Will Trillions Of Dollars In Stimulus Raise Inflation?

Before the coronavirus shock, inflation in the US appeared tame by the standard measures. But the macroeconomic earth has shifted in recent weeks to combat the fallout from Covid-19. The Federal Reserve has announced unlimited asset purchases and is running ultra-dovish monetary policy. Meanwhile, the federal government is about to roll out a new $2 trillion stimulus package. It all adds up to what is perhaps the most ambitious effort in history to grease the economy’s wheels (or at least prevent collapse). Is this herculean effort also laying the groundwork for higher or even soaring inflation?

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Macro Briefing | 26 March 2020

$2 trillion US economic stimulus package expected to become law today: Politico
What’s in the massive stimulus bill? TH
Pressure builds on Trump for gov’t intervention for ventilator output: BBG
US jobless claims filings expected to surge in today’s report: Reuters
What are the risks to Trump’s preference for reopening US by Easter? CNN
Should you expect to become immune to coronavirus at some point? NY Times
Economic assumptions upended amid coronavirus crisis: BBG
Consumer sentiment in Germany suffers dramatic decline: AF
US durable goods orders rose in Feb, but coronavirus damage lies ahead: MW
World trade’s 1-year trend fell deeper into the red in January: CPB

Econometric GDP Models Struggle With Coronavirus Fallout

The widespread disruption from the coronavirus pandemic is obvious to everyone, but economic nowcasting and forecasting models are only just beginning to reflect the damage to what had been a moderately expanding US economy. Thanks to the lag in economic data, which can arrive as long as two to three months after the fact, formerly robust methodologies for tracking the US macro trend have become hopelessly out of date in recent weeks. But reality is quickly catching up with previously sunny estimates.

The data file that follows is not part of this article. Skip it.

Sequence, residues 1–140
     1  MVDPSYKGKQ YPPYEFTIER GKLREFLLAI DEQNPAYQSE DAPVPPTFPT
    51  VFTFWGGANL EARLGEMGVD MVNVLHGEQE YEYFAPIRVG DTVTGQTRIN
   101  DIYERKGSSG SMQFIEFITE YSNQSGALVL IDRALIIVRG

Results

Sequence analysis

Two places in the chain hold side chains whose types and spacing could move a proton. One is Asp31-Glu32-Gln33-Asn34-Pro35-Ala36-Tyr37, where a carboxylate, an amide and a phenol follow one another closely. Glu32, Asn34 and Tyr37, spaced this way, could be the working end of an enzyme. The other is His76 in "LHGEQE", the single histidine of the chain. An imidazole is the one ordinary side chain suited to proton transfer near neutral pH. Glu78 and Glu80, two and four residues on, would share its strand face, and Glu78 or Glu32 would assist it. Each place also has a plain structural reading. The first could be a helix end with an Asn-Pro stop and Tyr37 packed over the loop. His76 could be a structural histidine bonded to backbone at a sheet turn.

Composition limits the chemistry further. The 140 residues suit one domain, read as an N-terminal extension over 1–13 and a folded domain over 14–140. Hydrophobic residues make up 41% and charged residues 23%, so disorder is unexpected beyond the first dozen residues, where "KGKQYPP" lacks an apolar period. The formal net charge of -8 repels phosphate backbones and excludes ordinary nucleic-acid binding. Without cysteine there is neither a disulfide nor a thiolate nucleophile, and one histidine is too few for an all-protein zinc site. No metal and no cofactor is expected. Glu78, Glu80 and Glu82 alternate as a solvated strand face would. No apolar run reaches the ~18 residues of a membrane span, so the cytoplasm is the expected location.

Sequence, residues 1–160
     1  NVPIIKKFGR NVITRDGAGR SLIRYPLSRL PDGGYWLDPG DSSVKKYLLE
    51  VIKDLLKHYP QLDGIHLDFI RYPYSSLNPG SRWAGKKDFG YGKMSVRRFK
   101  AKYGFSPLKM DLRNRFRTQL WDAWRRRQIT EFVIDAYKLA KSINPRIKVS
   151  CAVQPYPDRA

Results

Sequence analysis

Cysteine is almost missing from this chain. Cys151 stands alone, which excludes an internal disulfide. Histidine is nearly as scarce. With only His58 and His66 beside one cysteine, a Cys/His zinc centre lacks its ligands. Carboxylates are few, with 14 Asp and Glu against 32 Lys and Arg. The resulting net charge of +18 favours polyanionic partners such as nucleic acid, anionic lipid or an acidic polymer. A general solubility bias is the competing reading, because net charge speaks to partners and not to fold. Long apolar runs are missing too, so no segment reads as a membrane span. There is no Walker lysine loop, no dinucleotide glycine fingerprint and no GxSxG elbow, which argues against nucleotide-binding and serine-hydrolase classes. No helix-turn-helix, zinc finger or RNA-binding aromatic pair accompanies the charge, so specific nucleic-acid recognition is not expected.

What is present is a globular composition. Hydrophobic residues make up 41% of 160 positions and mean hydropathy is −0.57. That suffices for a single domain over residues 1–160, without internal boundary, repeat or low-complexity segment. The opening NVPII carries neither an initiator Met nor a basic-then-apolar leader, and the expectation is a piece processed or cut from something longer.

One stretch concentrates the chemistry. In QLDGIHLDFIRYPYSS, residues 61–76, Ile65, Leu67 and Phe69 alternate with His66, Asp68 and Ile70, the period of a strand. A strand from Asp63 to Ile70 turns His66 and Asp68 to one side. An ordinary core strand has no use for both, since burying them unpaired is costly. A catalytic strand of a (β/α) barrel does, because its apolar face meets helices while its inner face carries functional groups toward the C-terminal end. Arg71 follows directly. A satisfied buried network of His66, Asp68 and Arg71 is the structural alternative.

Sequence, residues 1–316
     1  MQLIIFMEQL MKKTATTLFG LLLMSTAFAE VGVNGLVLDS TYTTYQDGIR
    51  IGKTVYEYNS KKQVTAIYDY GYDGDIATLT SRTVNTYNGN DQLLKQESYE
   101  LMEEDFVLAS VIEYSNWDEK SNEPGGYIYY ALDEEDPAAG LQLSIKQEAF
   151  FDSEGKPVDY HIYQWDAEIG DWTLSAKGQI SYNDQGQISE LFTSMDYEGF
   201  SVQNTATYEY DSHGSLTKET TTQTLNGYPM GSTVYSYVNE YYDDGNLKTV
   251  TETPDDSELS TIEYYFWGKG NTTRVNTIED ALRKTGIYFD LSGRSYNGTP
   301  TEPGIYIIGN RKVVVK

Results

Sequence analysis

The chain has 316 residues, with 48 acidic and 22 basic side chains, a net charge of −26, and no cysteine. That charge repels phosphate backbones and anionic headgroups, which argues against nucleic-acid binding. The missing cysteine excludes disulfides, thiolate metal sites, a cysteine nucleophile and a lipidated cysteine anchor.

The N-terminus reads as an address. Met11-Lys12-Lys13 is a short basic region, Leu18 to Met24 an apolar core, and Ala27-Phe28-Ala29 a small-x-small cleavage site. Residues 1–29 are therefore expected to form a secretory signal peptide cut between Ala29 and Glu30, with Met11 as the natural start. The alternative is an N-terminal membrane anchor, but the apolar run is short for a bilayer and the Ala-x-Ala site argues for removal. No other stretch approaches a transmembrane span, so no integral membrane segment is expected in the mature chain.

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Macro Briefing | 25 March 2020

Congress and White House agree on $2 trillion coronavirus rescue package: CNBC
Trump wants US to return to work by Easter: CNN
US Composite PMI in March reflects sharp economic contraction: IHS Markit
German economy could fall 20% this year, new survey advises: Reuters
Global economy suffers as coronavirus spreads, survey data show: IHS Markit
US stocks posted the biggest gain on Tuesday since the Great Depression: Fortune
Gold surges and Goldman Sachs expects the rally to continue: MW

Managing Expectations By Simulating S&P 500 Drawdowns

The US stock market tumbled again yesterday, falling to a 3-1/2-year low, thanks to expanding coronavirus threat. The economic outlook is grim, at least for the near term, and so the market is attempting to price in this stark change. The result, not surprisingly, is a sobering, rapid fall from grace for stocks, which a bit more than a month ago reached a record high, based on the S&P 500. For the novice investor, the sharp slide in the market may appear to be off the charts. In fact, we’ve been here before, based on drawdown data. Perhaps new records for bear markets will be set in the weeks and months ahead, but for the moment it’s useful to consider how the current drawdown stacks up vs. history. In addition, running simulations on drawdowns adds another dimension of risk analytics to consider what’s possible.